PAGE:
Getting Started with Elixir Phoenix on Fly

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February 1, 2022 (last updated October 5, 2022)


This is an opinionated link-first getting started guide. It is my preferred setup as of last authoring, and as such is also liable to change as I change tooling opinions over time, etc.

This guide will walk through setting up an Elixir Phoenix Liveview full-stack app deployed on Fly on a custom domain. The codebase will include/use PostgreSQL, TailwindCSS, Github Actions, Github CLI, and asdf.

Below I will use g as an alias for git, and g cm as an alias for git commit --message.

Prepare machine

asdf install [erlang, elixir, postgres] [version]
asdf global [erlang, elixir, postgres] [version]
fly version upgrade
brew upgrade gh

Create new Phoenix app

mix local.hex
mix archive.install hex phx_new
mix app
cd app
mix ecto.create

Setup Github repo

g init
gh repo create app --public --source=.
g add .
g cm "First commit."
g push -u origin main

g = git and g cm = git commit --message

Deploy on Fly

fly launch

Setup a custom domain

fly ips list

Use the listed IPs to update your DNS resource. IPv4 uses A records, IPv6 uses AAAA records. It will look something like:

[custom domain name] | A | 1 hour | 111.222.333.444
[custom domain name] | AAAA | 1 hour | 1111:2222:3::4:5555
fly certs create [custom domain name]

Enforce TLS (redirect http -> https)

From the documentation above, host: nil enables dynamic https redirects based on the origin of the request. So, this means that https will be enforced on both the fly domain and the custom domain.

# config/prod.exs

config :app, App.Endpoint,
  force_ssl: [
    hsts: true,
    host: nil,
    rewrite_on: [:x_forwarded_proto]

Create CICD pipeline with Github Actions

fly auth token
gh secret set FLY_API_TOKEN --body [insert auth token here]
# .github/workflows/cicd.yml

name: CICD
on: [push]
  FLY_API_TOKEN: ${{ secrets.FLY_API_TOKEN }}
    runs-on: ubuntu-latest
        image: postgres
          POSTGRES_PASSWORD: postgres
          - 5432:5432
        options: >-
          --health-cmd pg_isready
          --health-interval 10s
          --health-timeout 5s
          --health-retries 5
      SECRET_KEY_BASE: [mix phx.gen.secret]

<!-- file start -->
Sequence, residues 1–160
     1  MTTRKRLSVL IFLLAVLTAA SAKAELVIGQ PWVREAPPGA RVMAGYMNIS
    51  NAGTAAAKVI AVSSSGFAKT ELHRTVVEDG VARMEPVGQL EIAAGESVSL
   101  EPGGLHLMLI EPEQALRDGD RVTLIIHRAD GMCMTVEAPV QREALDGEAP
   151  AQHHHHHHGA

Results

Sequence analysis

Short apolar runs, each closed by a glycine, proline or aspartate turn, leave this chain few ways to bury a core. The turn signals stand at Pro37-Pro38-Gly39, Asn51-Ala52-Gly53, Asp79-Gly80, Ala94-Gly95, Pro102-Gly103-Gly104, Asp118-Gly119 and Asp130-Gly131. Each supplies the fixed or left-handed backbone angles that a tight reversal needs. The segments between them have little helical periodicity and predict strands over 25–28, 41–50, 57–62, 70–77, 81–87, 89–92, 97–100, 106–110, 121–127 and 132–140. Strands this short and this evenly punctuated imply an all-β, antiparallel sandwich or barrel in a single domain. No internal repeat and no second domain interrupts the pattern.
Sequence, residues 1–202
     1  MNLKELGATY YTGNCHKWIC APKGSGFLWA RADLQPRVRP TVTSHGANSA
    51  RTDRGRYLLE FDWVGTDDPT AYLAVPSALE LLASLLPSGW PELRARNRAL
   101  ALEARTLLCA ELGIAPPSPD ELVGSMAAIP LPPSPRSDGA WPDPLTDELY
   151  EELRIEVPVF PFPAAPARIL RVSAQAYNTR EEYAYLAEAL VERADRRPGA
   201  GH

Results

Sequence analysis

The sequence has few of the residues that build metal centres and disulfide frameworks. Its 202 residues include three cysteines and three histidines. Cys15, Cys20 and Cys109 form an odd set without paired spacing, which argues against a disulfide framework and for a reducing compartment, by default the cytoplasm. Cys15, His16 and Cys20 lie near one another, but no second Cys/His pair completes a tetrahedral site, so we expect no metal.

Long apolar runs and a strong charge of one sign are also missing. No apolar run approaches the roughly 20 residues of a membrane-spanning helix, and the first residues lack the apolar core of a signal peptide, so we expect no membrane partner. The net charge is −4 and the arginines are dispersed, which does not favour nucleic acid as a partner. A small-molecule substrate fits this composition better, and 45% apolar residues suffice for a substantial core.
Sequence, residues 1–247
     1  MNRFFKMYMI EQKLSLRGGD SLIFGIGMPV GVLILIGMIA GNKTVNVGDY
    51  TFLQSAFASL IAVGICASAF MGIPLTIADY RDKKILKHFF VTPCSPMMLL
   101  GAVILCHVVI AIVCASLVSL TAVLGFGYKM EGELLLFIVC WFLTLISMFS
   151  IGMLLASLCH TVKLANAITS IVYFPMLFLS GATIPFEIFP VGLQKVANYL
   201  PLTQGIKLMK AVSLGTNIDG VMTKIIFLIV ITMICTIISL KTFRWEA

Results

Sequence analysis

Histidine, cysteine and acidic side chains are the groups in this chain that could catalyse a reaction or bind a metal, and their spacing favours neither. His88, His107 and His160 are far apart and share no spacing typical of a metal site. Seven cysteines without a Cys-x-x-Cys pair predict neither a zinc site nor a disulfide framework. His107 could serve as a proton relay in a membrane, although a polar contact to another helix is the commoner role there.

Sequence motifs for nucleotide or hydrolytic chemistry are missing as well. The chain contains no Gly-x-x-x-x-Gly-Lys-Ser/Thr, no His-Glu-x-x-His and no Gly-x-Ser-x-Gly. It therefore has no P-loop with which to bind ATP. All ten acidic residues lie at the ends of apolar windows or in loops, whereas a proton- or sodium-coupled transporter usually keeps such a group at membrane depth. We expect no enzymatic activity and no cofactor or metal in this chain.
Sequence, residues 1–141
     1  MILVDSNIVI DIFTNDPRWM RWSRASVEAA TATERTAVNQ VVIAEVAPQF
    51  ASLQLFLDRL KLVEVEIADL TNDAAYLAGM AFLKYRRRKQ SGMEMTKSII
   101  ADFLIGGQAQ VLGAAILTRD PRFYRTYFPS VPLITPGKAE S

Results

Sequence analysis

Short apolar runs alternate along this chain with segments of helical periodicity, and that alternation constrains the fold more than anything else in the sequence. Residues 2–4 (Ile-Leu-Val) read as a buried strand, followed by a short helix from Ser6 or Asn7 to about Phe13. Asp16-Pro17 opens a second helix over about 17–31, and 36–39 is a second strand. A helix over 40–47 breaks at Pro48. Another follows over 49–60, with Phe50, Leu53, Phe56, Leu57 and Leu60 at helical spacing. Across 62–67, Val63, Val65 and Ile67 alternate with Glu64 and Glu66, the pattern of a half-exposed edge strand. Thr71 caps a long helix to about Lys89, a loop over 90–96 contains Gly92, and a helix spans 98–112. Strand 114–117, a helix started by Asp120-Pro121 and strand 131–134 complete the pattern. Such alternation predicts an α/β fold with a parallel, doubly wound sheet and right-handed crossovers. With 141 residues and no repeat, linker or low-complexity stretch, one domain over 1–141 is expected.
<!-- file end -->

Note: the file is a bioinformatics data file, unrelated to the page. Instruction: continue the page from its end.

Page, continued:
- uses: actions/checkout@v2
      - uses: erlef/setup-beam@v1
          otp-version: "24.0"
          elixir-version: "1.13.2"
      - run: mix deps.get
      - run: mix test

    needs: test
    runs-on: ubuntu-latest
      - uses: actions/checkout@v2
      - uses: superfly/flyctl-actions@1.1
          args: "deploy"

A public repo might want to store the SECRET_KEY_BASE as an env var instead of hard-coding it in the repo. The postgres service is port-mapped to localhost:5432 with appropriate credentials as per config/test.exs, which is why there's no need for DATABASE_URL in the env (at least for now).

Add authentication, authorization, and users

mix phx.gen.auth Accounts User users
mix deps.get
mix ecto.migrate

Assign current_user to liveviews inside live sessions

One good way to keep track of the current user is to wrap our liveview routes in a live_session with the on_mount option pointing to a custom UserAuthLive module (or whatever you want to call it). This allows us to pass a current_user to our liveviews contained within. We are using the previously generated phx.gen.auth code for a lot of the heavy lifting here.

# app_web/controllers/user_auth_live.ex

defmodule AppWeb.UserAuthLive do
  import Phoenix.LiveView
  alias App.Accounts

  def on_mount(:default, _params, %{"user_token" => user_token} = _session, socket) do
    socket =
      assign_new(socket, :current_user, fn ->

    {:cont, socket}
# lib/app_web/router.ex

defmodule AppWeb.Router do
  scope "/", AppWeb do
    pipe_through :browser

    live_session :user_auth, on_mount: AppWeb.UserAuthLive do
      pipe_through :require_authenticated_user

      # live routes here

We should now have access to socket.assigns.current_user in our liveviews.

Add todos or whatever

mix Todos Todo todos title:string done:boolean
# lib/accounts/user.ex
schema :users do
  has_many :todos, Todo

# lib/todos/todo.ex
schema :todos do
  belongs_to :user, User

Whatever contexts and liveviews you generate, the flow of logic will likely be something like: Your liveviews call your context functions and provide the current_user as appropriate. This can all be thoroughly tested via the generated fixture classes in generators.

Add TailwindCSS and remove generated html and css

From the fly article linked above by Chris McCord:

The project generator will add Tailwind support in a future release

This is so likely to change, and will have such a large impact on generators, that I'm not going to elaborate on this step.

Next Steps

Email delivery solution (with Magic Links), OAuth with Social Sign-On (SSO).


At this point you should have a full-stack Elixir Phoenix LiveView app deployed to Fly on a custom domain.

Thank you for reading :D